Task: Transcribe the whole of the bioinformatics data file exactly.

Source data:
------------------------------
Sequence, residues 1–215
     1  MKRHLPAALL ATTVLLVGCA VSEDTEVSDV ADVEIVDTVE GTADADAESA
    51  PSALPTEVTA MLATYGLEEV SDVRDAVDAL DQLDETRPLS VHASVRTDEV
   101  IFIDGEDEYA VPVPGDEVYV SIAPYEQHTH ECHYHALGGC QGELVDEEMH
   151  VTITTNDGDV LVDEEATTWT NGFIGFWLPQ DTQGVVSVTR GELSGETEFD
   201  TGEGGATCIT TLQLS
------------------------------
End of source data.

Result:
Sequence, residues 1–215
     1  MKRHLPAALL ATTVLLVGCA VSEDTEVSDV ADVEIVDTVE GTADADAESA
    51  PSALPTEVTA MLATYGLEEV SDVRDAVDAL DQLDETRPLS VHASVRTDEV
   101  IFIDGEDEYA VPVPGDEVYV SIAPYEQHTH ECHYHALGGC QGELVDEEMH
   151  VTITTNDGDV LVDEEATTWT NGFIGFWLPQ DTQGVVSVTR GELSGETEFD
   201  TGEGGATCIT TLQLS